Guns N' Roses review: It wasn't all roses but GNR still has their chops

Lead singer Axl Rose and bassist Duff McKagan of Guns N’ Roses on stage at the Singapore Exhibition Centre on 25 February 2017. (PHOTO: Yahoo Newsroom / Dhany Osman)
Lead singer Axl Rose and bassist Duff McKagan of Guns N’ Roses on stage at the Singapore Exhibition Centre on 25 February 2017. (PHOTO: Yahoo Newsroom / Dhany Osman)

I reached Singapore Expo at about 6pm to catch the shuttle bus to Changi Exhibition Centre initially thinking that I was two hours early to the concert, which was slated to begin at 8pm.

With the shuttle bus line snaking the perimeters of one of Expo’s building (which is huge), I opted for an Uber ride instead thinking, “Hey, at least I’ll have time for another pre-show beer.”

Fast forward to an hour later and I’m still in my ride, stuck in traffic and late to the venue.

I reached the show grounds just in time to catch GnR ripping through not their first, but third song, “Welcome To The Jungle”.

While it was somewhat surreal to see the trio of lead singer Axl Rose, top-hat toting lead guitarist Slash and bassist Duff McKagan strut the stage nearly three decades after their debut album “Appetite For Destruction” shot them into super-stardom, the band easily proved they still had the chops to wow a 50,000-strong crowd.

All the big hits were there, from the evergreen singalong “Sweet Child Of Mine” to the tender ballad “Patience”, and right up to much-anticipated “Paradise City” closer.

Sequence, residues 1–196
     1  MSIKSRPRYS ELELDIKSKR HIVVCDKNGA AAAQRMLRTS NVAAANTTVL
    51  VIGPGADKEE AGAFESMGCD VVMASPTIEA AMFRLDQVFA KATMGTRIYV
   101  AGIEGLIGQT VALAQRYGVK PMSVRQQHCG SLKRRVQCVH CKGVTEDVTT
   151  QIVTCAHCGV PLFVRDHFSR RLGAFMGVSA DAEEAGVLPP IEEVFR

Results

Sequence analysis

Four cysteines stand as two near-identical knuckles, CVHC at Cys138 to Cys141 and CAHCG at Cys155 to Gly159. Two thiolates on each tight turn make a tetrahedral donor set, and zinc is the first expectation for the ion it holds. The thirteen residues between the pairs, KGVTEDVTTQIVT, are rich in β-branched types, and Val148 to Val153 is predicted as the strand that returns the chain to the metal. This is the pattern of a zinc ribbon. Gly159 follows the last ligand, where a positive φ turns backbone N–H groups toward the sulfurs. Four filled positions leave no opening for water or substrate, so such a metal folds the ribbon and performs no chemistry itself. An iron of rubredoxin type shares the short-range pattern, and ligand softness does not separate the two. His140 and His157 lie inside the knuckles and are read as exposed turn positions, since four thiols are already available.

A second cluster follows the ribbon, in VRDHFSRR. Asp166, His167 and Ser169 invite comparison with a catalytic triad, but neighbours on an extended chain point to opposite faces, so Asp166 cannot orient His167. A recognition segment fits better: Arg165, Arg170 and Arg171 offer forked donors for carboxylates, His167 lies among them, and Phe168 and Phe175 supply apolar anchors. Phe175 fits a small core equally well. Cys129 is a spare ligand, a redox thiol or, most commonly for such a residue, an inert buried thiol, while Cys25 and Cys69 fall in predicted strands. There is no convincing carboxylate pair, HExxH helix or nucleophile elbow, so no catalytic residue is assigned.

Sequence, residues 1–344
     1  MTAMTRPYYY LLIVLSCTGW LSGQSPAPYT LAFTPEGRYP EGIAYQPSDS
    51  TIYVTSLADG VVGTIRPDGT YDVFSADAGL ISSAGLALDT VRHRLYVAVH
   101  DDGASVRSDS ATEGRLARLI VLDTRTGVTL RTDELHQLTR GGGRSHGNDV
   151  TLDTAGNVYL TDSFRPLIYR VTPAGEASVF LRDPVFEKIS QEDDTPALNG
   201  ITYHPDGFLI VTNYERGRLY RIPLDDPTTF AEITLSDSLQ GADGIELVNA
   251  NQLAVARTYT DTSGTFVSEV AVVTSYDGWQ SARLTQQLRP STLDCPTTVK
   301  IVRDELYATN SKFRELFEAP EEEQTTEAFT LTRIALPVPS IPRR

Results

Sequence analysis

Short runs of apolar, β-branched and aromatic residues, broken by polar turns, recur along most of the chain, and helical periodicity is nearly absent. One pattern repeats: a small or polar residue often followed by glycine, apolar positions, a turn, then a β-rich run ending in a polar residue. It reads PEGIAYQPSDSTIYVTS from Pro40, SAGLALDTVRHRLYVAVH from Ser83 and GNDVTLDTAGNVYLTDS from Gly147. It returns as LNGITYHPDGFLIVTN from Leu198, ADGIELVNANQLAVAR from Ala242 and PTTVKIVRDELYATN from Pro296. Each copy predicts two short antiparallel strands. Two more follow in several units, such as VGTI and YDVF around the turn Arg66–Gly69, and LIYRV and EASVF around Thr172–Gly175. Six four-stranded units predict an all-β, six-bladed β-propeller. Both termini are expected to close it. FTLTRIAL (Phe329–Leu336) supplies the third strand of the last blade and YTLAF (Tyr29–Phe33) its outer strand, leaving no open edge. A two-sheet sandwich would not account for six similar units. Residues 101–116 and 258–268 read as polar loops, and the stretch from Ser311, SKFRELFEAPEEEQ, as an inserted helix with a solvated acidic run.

Slash’s solos on his iconic Les Paul were a fierce counterpoint to rhythm guitarist Richard Fortus’ tightly controlled sweep-picking, while Duff’s growling bass tones lit a fire under the band’s harder tracks. The years may have put a slight damper on Axl’s vocal range but you could hardly tell with all the fans singing and shrieking along.

For a band once known for being the epitome of rock-and-roll excess and DGAF attitude, Axl was almost polite in his interactions with the audience – something which was just as surprising as how good the band sounded despite their time out of the limelight.

Overall, it was a rock show well worthy of the band’s legendary status and one that would put many younger acts to shame. I guess having that gym backstage must have paid off after all.

While LAMC Productions is surely not to be blamed for all of the woes, it does raise the question as to whether such problems are bound to happen with any large-scale show held at a venue as remote as Changi Exhibition Centre.

Better communication between organisers and attendees may be the key to resolving such issues.

It’s my guess that the people most annoyed by the logistical SNAFUs were also the ones who attended the show more out of curiosity than as hardcore fans. If you were there just for the music, I doubt you left disappointed.

As one friend in Pen B said to me after the show, “I overheard this guy next to me asking, ‘Are these guys a new band?'”

Some creative Guns N’ Roses merchandise sold at the concert. (PHOTO: Yahoo Newsroom / Dhany Osman)
Some creative Guns N’ Roses merchandise sold at the concert. (PHOTO: Yahoo Newsroom / Dhany Osman)

Related story:

Singapore organiser takes responsibility over Guns N’ Roses concert woes, won’t refund tickets

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